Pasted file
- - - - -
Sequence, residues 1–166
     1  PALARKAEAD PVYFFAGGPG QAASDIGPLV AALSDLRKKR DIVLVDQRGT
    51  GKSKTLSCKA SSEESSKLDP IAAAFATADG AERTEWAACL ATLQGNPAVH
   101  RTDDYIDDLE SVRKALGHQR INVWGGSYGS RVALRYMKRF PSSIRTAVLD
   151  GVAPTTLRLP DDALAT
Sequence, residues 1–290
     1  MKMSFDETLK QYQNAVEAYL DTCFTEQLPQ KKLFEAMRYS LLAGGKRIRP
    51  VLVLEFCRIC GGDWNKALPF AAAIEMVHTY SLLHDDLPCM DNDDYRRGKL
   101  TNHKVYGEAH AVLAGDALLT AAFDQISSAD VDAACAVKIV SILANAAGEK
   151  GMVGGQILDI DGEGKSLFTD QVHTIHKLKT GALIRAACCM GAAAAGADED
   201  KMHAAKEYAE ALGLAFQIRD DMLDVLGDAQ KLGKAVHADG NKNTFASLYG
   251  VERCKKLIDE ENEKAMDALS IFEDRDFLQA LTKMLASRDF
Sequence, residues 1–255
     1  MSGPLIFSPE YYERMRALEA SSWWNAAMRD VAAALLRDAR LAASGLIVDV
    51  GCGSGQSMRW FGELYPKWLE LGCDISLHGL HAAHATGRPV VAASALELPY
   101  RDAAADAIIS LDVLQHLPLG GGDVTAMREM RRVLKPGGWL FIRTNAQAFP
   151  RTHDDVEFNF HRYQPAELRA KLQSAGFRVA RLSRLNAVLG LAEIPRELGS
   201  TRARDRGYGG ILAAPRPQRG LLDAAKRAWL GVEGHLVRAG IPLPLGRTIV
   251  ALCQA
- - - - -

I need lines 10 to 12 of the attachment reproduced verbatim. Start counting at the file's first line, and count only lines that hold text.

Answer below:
   151  GMVGGQILDI DGEGKSLFTD QVHTIHKLKT GALIRAACCM GAAAAGADED
   201  KMHAAKEYAE ALGLAFQIRD DMLDVLGDAQ KLGKAVHADG NKNTFASLYG
   251  VERCKKLIDE ENEKAMDALS IFEDRDFLQA LTKMLASRDF